READER QUESTION: How many ideas should I present in a pitch?

Hey, screenwriters— Today’s question comes from Anita, who also happened to take one of my writing classes a few weeks ago.  Anita emails… “My partner and I have been developing several [television show] ideas, and have more ideas we are fleshing out. We have been taking meetings here and there with...

READER QUESTION: How do I Know What TV Spec to Write?

Hey, screenwriters— First of all, thanks for all the emails… I’ve got a nicely full mailbag, and I’ll do my best to get to all your questions over the next few days.  In the mean time—keep the emails coming (they make me feel really popular)! With the WGA strike over and...

Where Do Writers Find Experts?

Q: I’ve read many articles in your magazine and others that advise freelance magazine writers to use quotes from experts on their given subject, but none of the articles tell writers how to go about doing that. Where do writers find experts? How do you approach them? How do you obtain...

What is a Logline?

Q: I’ve recently decided to turn my book into a screenplay and I’ve read several articles that say you must have a “logline” if you want to sell your script. What’s a logline?—Jennifer Bickel A: Hollywood executives are so busy that they have very little time to spend on anything, including...

TIP OF THE DAY: The Magic of the Prelap

Someone once told me that if you hear something three times, it means the universe is sending you a message.  Well, I haven’t heard this three times yet, but a question came up in my writers group last week… and then I got an email yesterday asking almost the exact same...

Dealing with Late (or Missing) Payments

Q: If a writer has jumped through all the hoops (finished the assignment, submitted a proper invoice, etc.) and is not being paid, what steps should he take before resorting to having a lawyer write a letter or taking their case to small claims court, etc. —Anonymous A: Always contact the...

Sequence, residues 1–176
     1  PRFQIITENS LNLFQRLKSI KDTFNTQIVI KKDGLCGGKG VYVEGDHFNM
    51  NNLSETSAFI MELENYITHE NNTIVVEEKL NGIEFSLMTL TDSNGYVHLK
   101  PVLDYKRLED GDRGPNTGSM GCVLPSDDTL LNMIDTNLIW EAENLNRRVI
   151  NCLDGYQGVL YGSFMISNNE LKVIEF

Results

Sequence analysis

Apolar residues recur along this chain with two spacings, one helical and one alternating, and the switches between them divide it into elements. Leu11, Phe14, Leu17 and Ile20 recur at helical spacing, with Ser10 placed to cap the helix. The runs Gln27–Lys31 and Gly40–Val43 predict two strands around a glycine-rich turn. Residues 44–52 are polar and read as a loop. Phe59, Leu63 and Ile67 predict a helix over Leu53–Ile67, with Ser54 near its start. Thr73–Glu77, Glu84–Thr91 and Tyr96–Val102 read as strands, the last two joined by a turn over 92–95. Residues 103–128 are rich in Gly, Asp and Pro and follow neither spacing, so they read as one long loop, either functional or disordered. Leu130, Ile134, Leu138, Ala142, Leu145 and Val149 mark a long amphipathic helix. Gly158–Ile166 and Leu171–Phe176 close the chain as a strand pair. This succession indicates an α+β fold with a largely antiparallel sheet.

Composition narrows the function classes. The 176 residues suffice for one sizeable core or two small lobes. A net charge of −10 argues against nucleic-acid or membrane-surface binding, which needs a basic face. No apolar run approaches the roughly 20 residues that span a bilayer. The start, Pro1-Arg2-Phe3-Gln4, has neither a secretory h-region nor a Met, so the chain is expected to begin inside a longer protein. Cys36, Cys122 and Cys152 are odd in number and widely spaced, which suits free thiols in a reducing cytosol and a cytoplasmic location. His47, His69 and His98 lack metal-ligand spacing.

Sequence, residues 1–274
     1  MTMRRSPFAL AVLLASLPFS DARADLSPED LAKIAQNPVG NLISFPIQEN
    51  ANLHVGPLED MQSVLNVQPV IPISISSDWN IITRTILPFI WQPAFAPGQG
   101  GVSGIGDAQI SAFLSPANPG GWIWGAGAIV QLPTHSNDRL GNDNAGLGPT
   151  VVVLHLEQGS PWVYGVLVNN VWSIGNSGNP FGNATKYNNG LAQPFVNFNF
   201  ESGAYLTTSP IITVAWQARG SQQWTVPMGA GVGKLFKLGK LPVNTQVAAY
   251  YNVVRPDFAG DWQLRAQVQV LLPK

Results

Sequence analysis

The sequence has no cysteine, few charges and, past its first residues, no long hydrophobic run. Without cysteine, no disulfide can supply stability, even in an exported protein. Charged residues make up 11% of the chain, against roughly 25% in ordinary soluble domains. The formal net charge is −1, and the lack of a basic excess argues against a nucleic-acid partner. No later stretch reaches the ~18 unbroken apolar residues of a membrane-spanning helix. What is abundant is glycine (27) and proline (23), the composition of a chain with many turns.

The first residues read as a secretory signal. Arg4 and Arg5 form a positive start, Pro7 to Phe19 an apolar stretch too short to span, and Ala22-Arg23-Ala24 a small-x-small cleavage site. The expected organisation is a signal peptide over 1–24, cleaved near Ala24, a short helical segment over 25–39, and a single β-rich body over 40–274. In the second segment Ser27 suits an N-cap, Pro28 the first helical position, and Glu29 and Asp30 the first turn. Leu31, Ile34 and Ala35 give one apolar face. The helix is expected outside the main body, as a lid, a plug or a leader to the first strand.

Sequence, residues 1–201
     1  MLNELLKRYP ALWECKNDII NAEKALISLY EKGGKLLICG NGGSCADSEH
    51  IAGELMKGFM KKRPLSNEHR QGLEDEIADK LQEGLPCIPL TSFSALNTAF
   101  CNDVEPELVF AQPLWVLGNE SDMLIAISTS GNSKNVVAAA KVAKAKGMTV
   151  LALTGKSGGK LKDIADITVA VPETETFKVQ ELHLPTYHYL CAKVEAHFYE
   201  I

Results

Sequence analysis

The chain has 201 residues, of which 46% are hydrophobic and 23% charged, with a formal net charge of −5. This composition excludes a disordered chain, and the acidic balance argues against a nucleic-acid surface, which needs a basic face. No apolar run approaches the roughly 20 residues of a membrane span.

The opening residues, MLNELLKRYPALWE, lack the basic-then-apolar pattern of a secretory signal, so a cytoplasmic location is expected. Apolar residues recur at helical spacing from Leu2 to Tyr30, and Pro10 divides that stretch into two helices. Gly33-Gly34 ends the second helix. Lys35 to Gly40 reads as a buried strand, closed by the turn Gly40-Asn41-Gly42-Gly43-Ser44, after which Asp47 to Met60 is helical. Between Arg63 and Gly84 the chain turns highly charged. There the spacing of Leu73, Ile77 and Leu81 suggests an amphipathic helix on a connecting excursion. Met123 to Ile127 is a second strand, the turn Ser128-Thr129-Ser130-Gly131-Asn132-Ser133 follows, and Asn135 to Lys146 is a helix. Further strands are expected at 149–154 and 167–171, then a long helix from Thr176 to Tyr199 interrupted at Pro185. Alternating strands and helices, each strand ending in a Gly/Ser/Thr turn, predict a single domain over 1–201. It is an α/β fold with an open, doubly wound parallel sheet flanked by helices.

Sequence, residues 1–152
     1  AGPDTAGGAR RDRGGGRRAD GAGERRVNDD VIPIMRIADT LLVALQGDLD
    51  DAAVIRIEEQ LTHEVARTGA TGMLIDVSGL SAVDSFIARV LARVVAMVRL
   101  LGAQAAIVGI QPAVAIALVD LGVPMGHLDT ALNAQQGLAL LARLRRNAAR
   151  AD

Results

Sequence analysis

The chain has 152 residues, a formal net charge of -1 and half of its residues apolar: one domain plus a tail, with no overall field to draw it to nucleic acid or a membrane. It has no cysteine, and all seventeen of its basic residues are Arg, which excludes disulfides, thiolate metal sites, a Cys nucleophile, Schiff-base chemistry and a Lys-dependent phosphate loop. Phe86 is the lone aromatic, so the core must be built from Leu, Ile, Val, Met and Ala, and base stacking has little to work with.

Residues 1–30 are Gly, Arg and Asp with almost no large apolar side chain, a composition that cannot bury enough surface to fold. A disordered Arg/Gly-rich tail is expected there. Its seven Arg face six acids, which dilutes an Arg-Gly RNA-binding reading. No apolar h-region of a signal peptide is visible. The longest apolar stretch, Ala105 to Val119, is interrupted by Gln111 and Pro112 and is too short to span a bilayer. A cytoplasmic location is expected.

Get Ready for Staffing Season (with a great discount)

Hey, TV writers– With staffing season ramping up in a matter of weeks (upfronts have already been announced for May 12-15, which means staffing will begin immediately afterwards), now is the time to whip your TV spec into shape.  So I’m teaching another 10-week spec-writing workshop with mediabistro.com, beginning Wednesday, February...

READER QUESTION: Is "Boston Legal" Spec-able?

So… I got an interesting question yesterday in regards to my post about about this season’s spec-able shows.  Loyal reader Fig writes in: “Why is it that I’ve never heard of anyone writing a “Boston Legal” spec? (Or is it just me?)“ It’s funny, Fig–  when I read your question, my...

This Year's Spec-able TV Shows

Well, screenwriters– here we are… the final day of the WGA writers strike.  As I write this, writers in New York and L.A. are casting their votes to end the last three months’ work stoppage.  And the end of a work stoppage means only one thing… It’s time to get back...

GUEST PERSPECTIVE: Brad Wollack, talk show writer/producer

Hey, screenwriters— One of the most controversial topics of the last few months has been the issue of writers writing for talk shows.  After all, it’s no newsflash that most of the big talk shows came back on the air last month… in the middle of the strike… without their writers....

Will Newspapers Review Self-Published Books?

Q: The book critic at my local newspaper mentioned in an article that she doesn’t review self-published books. Is this common procedure? Are there any major dailies that do?—Joyann Dwire A: Some newspapers won’t review self-published books simply because they’re concerned about legal issues. Self-published books aren’t subjected to the rigorous...

Jen Grisanti: Part II – A Follow-Up

Hey, guys– After Wednesday’s guest perspective from TV exec/producer Jen Grisanti, in which she talks about her new company, Jen Grisanti Consultancy, loyal reader Josh and a couple other people asked if she was a manager.  So I talked to Jen, and here’s what she had to say… JEN: “I am...